Mind the Maps: Connecting People Who Are Blind or Visually Impaired with Geographic Contexts


Photo of Brett Oppegaard, PhD
Brett Oppegaard, PhD
Associate Professor, School of Communications, UH Manoa


April 9, 2020 - 2:00 PM


April 9, 2020 - 3:00 PM

Mind the Maps: Connecting People Who Are Blind or Visually Impaired with Geographic Contexts

For the sighted, visual maps efficiently depict distinct features, such as landmarks, as well as structural information, such as distance between places, and even the relative directions of those features compared to others, which all can be assessed with a glance (Stock, Peterson, Hancock, & Verdi, 1995). We found this to be interesting terrain for scholars with various research agendas, including in technical communication, new media, media accessibility, disability rights, and Universal Design.

In this webinar, we will discuss our mixed-methods approach into Audio Description research of maps included feedback from diverse blind, visually impaired, and sighted stakeholders. We will also share how we tested these insight through field work, complemented by multiple interviews and focus groups.

Join us as we showcase the digital tools we developed – including open-source software and free mobile apps – for iterative testing and sharing of ideas, primarily at U.S. National Parks.

About the Presenter

Photo of Brett Oppegaard, PhD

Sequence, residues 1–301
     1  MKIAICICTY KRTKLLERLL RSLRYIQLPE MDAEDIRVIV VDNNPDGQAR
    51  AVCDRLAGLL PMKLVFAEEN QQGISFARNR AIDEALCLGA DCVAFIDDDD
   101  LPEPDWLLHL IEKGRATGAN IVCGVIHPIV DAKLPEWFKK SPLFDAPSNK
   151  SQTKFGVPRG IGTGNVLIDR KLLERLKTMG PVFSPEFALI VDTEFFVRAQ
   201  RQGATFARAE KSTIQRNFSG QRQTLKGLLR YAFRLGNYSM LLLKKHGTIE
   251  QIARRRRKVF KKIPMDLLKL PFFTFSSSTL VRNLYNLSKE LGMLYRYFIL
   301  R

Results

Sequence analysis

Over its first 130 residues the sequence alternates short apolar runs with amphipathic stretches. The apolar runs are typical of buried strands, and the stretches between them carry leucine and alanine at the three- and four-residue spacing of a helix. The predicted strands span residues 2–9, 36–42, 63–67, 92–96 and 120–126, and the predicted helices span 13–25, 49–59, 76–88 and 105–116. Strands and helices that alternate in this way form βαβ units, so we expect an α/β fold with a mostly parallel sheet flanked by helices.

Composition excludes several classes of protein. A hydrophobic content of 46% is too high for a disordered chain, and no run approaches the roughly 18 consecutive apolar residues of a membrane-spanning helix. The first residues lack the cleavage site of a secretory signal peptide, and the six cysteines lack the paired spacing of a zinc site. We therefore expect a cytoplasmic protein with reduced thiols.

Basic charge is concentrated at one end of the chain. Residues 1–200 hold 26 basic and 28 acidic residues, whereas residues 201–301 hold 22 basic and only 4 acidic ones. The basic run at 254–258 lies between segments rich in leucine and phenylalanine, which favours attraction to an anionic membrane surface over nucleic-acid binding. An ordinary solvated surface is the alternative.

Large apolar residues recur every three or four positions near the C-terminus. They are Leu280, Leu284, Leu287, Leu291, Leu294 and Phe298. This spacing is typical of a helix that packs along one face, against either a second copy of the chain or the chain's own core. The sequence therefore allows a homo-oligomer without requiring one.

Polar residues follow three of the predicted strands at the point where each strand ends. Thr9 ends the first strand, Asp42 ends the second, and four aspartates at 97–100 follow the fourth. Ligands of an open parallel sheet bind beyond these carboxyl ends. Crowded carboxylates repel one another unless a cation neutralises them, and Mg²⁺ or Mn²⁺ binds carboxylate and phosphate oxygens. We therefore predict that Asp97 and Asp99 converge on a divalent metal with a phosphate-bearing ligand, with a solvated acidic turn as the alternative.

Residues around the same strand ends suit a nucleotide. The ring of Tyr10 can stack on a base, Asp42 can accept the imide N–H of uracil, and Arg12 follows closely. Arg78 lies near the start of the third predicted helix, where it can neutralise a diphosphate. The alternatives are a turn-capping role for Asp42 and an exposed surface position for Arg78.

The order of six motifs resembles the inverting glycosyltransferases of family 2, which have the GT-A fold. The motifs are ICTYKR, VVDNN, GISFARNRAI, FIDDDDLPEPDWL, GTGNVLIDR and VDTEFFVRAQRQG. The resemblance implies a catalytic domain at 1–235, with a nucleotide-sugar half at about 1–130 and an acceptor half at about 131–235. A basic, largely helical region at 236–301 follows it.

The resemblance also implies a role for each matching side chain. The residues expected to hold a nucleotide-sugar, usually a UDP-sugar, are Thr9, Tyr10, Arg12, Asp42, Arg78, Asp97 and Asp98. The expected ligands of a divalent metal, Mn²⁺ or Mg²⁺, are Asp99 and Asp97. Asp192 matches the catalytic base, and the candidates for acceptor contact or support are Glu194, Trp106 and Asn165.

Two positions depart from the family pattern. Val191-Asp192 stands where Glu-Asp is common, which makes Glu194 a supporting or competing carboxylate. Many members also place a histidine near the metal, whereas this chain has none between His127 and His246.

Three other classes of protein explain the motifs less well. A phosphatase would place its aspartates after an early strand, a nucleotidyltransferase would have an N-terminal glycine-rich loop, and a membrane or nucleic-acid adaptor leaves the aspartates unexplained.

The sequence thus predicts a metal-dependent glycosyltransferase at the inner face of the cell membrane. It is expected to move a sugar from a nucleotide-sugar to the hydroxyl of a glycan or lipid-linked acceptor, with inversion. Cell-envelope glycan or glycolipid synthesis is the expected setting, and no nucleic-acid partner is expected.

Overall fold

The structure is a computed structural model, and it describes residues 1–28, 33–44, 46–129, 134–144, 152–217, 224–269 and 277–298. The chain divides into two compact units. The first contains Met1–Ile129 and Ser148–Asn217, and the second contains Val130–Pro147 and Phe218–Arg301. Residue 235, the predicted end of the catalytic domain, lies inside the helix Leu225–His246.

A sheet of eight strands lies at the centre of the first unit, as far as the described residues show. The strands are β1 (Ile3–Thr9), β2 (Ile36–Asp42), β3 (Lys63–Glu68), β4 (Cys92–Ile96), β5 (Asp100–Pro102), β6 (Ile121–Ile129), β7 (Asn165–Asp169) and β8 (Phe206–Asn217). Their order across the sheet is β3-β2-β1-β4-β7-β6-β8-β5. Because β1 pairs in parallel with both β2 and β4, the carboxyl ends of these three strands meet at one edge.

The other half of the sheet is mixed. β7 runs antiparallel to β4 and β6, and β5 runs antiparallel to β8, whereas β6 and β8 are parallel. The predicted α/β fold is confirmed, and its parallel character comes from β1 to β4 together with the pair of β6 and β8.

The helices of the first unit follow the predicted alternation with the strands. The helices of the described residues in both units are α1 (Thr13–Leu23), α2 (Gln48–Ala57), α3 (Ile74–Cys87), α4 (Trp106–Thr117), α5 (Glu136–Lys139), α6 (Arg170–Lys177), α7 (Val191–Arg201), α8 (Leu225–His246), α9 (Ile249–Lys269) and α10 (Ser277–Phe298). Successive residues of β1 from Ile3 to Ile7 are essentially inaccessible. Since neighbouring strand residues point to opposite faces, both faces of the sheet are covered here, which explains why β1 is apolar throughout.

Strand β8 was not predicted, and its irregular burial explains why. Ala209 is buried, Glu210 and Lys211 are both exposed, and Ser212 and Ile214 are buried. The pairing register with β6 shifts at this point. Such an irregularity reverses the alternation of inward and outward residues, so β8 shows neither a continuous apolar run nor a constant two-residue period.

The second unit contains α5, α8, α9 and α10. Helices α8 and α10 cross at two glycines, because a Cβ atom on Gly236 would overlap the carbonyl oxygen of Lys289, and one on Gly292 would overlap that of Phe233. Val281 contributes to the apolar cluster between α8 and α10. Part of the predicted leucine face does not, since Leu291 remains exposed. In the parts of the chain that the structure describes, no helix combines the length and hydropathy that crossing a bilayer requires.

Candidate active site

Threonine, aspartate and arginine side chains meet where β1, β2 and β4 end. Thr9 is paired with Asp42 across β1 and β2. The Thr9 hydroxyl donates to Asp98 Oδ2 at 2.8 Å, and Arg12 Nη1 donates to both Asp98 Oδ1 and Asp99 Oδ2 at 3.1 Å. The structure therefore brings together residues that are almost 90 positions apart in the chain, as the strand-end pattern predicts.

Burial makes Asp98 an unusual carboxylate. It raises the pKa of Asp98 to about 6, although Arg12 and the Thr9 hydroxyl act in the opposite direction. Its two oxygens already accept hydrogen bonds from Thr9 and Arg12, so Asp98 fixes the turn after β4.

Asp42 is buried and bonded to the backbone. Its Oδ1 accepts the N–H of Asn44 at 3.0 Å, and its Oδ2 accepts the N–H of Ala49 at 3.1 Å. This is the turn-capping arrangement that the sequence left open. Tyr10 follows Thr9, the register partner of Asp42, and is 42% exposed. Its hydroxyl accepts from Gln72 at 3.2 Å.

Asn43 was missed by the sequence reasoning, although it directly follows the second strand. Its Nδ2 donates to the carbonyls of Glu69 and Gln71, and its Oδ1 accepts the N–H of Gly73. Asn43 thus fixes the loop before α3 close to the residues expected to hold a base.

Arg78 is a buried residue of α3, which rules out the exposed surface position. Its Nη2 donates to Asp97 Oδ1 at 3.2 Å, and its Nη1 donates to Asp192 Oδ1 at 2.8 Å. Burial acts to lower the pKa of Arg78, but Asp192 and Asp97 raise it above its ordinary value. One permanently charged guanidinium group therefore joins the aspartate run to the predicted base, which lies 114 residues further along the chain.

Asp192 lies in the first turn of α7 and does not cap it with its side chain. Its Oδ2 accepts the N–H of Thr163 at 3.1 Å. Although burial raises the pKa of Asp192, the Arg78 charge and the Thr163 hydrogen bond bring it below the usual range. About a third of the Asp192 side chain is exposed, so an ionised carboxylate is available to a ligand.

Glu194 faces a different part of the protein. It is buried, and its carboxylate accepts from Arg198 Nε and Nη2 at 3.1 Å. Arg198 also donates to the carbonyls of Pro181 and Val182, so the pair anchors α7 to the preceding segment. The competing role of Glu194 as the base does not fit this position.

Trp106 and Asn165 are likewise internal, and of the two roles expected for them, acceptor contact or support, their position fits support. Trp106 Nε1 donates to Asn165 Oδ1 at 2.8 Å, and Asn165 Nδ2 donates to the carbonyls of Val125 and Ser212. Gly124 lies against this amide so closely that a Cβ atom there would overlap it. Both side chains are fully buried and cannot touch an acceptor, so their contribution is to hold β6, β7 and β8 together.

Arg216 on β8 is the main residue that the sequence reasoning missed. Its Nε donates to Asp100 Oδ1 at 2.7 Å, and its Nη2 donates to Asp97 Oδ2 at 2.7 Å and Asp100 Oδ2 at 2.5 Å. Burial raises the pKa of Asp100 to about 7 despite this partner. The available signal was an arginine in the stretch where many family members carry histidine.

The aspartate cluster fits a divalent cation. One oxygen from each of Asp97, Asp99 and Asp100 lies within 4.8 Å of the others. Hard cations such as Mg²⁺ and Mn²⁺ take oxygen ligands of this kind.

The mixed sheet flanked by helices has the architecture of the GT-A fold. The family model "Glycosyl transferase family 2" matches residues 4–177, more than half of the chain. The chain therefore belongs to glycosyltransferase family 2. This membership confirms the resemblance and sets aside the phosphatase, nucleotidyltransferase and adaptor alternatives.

Brett Oppegaard, an Associate Professor at the University of Hawai‘i, has earned such accolades as the Dr. Margaret Pfanstiehl Achievement Award from the American Council of the Blind, for his Audio Description research, the U.S. National Park Service’s George and Helen Hartzog Award, for research into mobile app development and media delivery systems, and the national John Wesley Powell Prize, for outstanding achievement in the field of historical displays. For this work, his research has been supported by federal agencies, such as the U.S. National Endowment for the Humanities and the U.S. National Park Service, but also by private foundations and corporations, such as Google.

His research projects include collaborations with more than 75 national park sites throughout the country, including with America’s first national park, Yellowstone, and Harpers Ferry Center, the Interpretive Design Center of the federal agency.

He works in the School of Communications, within the College of Social Sciences at the University of Hawai‘i’s flagship Mānoa campus in Honolulu, HI.

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